Carla Burke wrote:Living alone and being alone are not the same. Living alone, I could do. In fact, if anything ever takes John from me (we're bikers - that is high risk, and has a lot of heart troubles), I'll probably be alone, for the rest of my life. Being alone - like a hermit, never seeing people - I could probably go a month at a time, maybe longer.
Catie George wrote:
Rob - your 8 hr video chat sounds like my personal version of hell, I have a daily 1 hr conference call, and I would like to murder the person who originally suggested it. I definitely suspect there are some folks who need more contact, and yeah, the craving for physical touch is an interesting consideration. I've alone for years, far from family, and a colleague accidentally brushing bY or tapping a shoulder after weeks without contact was jolting. And yes, no internet in this imaginary cabin :)
A thousand poets sing of solitude-“let me live, unseen, unknown,” yearned Alexander Pope- but far more people people curse it. The difference between bliss and distress generally seems to be whether solitude is chosen or involuntary. Forced isolation is one of the oldest punishments. Banishment was widely used during the Roman Empire (the poet Ovid was exiled from Rome in A. D. 8, possibly for writing obscene verse), and for centuries a severed penalty on the high seas was marooning, in which the offending sailor was deposited on an uninhabited island, sometimes with a Bible and a bottle of rum. Most such men were never heard from again. Even now, when a Jehovahs Witness is disfellowshipped for breaking church doctrine, every single member of the religion is forbidden from speaking to the sinner.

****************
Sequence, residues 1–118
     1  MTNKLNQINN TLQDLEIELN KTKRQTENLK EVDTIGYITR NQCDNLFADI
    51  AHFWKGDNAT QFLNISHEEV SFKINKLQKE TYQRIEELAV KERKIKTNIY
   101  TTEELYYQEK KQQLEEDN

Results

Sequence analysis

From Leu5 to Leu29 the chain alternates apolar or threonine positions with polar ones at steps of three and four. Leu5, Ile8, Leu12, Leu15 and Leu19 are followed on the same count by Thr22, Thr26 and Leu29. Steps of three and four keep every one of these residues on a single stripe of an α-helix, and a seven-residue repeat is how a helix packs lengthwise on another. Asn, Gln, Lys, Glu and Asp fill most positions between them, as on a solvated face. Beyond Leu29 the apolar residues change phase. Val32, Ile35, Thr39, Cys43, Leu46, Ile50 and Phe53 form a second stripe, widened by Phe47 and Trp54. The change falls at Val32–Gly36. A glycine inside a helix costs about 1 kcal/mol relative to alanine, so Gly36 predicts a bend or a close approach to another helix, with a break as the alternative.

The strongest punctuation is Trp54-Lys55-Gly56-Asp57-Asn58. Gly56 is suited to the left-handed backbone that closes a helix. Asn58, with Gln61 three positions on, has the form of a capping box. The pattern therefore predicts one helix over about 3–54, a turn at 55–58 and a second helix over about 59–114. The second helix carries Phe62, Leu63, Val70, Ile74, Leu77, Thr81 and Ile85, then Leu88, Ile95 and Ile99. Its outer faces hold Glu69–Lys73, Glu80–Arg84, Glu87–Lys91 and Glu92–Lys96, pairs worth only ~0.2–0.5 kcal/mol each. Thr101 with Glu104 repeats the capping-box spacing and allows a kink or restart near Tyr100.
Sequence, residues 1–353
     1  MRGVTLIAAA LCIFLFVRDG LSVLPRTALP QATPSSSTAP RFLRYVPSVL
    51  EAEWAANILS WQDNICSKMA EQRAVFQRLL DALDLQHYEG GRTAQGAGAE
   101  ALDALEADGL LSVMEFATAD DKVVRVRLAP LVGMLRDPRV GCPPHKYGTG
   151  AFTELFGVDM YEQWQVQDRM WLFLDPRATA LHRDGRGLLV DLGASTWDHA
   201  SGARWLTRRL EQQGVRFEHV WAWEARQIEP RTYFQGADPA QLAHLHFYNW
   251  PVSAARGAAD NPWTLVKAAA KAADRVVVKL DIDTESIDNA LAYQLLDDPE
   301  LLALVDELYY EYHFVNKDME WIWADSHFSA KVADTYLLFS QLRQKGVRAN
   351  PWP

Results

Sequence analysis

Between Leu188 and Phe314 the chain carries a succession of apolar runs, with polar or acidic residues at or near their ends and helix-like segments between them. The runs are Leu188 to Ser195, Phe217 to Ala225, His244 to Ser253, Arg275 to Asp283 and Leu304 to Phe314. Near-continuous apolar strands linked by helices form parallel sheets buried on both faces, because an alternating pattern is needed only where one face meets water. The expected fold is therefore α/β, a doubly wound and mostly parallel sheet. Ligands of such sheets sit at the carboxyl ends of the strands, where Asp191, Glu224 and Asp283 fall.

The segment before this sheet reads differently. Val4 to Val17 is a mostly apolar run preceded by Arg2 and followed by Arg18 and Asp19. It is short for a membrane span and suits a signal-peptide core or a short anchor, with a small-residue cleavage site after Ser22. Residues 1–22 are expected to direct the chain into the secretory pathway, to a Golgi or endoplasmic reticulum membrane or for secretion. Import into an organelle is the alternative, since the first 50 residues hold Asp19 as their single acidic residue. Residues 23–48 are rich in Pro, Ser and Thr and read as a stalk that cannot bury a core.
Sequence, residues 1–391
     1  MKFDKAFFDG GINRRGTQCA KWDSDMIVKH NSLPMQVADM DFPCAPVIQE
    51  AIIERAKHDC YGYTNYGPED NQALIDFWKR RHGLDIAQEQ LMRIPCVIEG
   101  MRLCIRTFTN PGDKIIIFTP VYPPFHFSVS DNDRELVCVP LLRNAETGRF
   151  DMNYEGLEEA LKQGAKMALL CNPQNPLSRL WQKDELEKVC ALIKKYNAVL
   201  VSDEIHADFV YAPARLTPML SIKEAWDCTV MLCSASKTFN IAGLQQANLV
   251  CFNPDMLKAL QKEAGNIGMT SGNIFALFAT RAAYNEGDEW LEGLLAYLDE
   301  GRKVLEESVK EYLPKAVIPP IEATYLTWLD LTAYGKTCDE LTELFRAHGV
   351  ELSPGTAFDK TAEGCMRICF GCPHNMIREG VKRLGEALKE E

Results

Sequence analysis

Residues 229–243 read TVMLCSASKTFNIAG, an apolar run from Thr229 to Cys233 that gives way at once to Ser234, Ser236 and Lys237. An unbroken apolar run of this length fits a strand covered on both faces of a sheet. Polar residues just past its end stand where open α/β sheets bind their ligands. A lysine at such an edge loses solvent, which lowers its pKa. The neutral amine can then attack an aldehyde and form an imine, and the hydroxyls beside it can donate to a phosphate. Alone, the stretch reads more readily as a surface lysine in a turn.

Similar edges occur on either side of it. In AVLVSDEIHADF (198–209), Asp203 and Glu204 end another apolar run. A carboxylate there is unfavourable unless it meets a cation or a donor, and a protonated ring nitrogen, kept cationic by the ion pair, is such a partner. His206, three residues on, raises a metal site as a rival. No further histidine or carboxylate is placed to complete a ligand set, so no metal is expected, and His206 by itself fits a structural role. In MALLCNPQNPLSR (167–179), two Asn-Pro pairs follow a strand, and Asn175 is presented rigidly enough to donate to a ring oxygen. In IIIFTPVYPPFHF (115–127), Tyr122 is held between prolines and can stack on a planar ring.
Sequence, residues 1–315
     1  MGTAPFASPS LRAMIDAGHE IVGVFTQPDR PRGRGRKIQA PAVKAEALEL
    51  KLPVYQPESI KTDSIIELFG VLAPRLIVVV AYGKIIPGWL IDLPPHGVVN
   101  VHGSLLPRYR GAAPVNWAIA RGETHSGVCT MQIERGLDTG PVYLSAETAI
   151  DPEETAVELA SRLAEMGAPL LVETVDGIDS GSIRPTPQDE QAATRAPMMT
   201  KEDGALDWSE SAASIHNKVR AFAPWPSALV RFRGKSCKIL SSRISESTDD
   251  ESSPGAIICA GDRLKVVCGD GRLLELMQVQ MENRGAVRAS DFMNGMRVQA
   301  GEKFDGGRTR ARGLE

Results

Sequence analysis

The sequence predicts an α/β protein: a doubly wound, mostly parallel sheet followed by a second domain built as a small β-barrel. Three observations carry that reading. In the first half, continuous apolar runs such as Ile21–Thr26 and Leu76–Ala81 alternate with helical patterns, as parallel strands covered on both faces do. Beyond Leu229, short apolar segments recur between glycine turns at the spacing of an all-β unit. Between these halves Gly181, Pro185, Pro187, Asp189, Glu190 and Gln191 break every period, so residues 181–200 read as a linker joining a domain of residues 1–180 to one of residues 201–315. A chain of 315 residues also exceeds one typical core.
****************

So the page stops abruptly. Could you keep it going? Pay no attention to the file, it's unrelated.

John F Dean wrote:I have done remote solo hiking in Maine, The Boundary Waters Canoe Area, Grand Canyon, and the Canyonlands of Utah. In the last one, I remember, after being out over a week , and spotting a couple of hikers from a distance.... I actually altered my path so I would not have to speak to them. For me, there is a special solitude in desert hiking.
Jordan Holland wrote:I think I could probably be alone until the day I die. I've never had a longing to be around people. Person, yes, but not people. With a dog, I could definitely be alone as long as the dog lived. The sadness of losing the dog one day might change that. At least long enough to find a new dog. Dogs contain all the good traits of humanity and none of the bad. I do not like what I have seen of humanity. In the end, people will betray you, leave you, or hurt you enough that you have to leave them. A dog, never.